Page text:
On May 9th, The National will release a double disc set entitled A Skin, A Night. Featuring an exclusive DVD of the same title by French director Vincent Moon (renowned for his Takeaway Shows) and a bonus 12 track Virginia EP on CD.
I have a lot of goodwill towards Vincent Moon who has proven himself as an adept indie rock film-maker. To be honest though, I’m not particularly taken with The National (At least I wasn’t before last night. This may have changed). I found the hour-long documentary which focuses on backstage/studio footage and the making of Boxer to be an entirely gripping document of a band that has inexplicably risen to popularity much to their own surprise. The film is shot in Moon’s trademark muted tones and beefed up with abstract shots of the New York city skyline, blurred subways and venue tracking angles.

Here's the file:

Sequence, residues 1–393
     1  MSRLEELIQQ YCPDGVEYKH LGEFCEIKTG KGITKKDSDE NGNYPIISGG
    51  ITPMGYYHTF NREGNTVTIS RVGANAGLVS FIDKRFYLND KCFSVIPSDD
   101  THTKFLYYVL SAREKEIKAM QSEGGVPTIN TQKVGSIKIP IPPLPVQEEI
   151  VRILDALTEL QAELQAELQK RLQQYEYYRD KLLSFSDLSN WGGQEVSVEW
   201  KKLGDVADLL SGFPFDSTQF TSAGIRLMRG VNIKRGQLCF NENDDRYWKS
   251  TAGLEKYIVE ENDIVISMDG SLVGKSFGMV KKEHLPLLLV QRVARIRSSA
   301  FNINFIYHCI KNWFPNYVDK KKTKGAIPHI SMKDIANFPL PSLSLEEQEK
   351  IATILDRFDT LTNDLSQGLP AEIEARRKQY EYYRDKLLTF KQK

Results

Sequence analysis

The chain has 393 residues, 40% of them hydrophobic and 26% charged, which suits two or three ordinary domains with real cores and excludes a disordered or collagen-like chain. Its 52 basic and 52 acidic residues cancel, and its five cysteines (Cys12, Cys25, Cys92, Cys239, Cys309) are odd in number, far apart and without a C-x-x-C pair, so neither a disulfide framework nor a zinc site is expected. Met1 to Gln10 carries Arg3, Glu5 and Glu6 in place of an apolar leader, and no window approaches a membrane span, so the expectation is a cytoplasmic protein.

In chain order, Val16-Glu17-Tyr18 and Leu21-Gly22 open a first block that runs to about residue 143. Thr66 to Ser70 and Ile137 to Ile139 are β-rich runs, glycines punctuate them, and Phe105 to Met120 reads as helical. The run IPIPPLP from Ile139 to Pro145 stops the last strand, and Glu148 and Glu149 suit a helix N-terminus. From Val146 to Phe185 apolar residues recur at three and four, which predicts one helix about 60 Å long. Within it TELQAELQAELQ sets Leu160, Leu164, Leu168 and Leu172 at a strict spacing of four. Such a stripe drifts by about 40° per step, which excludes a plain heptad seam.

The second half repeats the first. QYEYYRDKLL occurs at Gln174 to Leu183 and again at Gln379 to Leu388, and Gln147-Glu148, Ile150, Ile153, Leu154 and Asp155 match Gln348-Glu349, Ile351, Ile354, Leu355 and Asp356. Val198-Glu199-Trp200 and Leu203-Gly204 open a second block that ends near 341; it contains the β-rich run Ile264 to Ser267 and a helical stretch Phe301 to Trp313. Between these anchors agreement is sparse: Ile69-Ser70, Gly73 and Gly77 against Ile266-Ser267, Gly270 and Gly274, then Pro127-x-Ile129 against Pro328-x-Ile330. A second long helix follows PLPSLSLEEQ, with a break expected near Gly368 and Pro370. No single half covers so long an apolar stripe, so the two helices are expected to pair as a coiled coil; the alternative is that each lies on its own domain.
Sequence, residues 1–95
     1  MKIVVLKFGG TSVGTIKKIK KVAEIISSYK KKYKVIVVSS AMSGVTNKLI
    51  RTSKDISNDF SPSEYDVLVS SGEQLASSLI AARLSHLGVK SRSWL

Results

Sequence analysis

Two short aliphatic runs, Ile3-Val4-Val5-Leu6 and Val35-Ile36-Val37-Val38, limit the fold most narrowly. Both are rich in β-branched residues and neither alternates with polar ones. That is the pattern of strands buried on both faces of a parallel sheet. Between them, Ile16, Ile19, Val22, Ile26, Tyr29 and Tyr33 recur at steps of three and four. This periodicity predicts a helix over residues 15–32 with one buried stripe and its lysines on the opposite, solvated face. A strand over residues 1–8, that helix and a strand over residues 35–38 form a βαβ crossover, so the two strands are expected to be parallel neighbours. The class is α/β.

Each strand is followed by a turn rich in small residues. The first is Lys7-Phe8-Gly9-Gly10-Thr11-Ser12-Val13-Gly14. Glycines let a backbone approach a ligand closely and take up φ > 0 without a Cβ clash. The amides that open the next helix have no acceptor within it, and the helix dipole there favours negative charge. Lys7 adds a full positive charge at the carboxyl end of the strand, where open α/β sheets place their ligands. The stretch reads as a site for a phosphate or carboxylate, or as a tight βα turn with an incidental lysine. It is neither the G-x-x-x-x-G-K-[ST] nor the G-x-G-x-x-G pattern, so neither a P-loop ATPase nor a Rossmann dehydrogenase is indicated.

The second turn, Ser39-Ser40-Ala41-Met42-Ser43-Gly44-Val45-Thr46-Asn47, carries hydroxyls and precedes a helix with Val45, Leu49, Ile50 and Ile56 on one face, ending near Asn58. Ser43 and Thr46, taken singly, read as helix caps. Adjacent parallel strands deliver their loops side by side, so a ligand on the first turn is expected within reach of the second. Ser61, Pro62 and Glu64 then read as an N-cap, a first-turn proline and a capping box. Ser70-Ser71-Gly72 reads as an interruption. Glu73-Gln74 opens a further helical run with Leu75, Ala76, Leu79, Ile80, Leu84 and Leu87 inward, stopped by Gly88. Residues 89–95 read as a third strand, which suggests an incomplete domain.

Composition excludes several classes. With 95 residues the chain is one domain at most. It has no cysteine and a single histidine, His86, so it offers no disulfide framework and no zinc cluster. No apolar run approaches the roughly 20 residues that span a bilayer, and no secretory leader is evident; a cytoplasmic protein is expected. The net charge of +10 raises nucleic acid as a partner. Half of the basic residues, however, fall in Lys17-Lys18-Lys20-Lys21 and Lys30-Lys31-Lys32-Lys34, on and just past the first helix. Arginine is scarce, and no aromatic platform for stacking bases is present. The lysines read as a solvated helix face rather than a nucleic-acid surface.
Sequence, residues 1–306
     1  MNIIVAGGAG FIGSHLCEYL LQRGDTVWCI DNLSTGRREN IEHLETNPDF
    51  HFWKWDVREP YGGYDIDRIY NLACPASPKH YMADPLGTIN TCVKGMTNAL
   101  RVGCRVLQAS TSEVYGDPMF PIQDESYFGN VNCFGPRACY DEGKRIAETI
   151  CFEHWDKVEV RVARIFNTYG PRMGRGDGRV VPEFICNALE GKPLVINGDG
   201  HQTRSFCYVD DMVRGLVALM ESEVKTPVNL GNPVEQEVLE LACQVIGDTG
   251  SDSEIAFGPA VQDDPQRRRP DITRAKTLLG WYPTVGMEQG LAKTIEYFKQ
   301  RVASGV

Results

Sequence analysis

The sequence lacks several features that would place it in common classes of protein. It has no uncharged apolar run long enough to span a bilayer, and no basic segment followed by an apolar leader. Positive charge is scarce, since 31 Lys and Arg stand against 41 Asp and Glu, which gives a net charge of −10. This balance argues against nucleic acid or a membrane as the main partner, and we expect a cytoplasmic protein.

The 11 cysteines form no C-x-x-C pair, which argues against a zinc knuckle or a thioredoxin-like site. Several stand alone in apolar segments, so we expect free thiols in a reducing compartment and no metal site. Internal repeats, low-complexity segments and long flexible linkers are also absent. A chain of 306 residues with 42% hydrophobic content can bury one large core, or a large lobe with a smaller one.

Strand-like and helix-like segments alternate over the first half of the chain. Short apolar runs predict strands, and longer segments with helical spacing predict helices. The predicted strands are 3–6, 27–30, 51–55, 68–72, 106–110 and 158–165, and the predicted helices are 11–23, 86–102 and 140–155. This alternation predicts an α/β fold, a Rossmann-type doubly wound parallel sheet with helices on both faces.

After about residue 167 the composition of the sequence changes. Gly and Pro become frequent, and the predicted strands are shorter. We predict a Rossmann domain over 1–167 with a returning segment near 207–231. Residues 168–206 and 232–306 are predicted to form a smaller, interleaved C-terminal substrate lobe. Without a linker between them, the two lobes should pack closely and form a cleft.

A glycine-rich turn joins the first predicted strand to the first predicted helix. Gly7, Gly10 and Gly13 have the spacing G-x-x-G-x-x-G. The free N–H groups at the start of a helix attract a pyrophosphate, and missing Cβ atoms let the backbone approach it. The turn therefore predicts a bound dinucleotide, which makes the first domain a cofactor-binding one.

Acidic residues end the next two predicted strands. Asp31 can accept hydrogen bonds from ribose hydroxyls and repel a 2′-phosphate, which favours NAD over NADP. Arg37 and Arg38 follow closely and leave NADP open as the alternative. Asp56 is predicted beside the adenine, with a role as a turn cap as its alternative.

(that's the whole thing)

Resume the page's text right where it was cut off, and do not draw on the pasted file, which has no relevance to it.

There is hardly any narrative or talking heads interviews, the bands are shy and awkward and they make their feelings on being filmed known from the outset when they say the process is “like being captured with a gun”. There are mesmerising crowd shots, devoid of noise which transform the visuals into powerful footage.
The film culminates in an eerily caught live performance which feels slightly voyeuristic as it is shot from the back of the stage. A fascinating film and a must see for fans.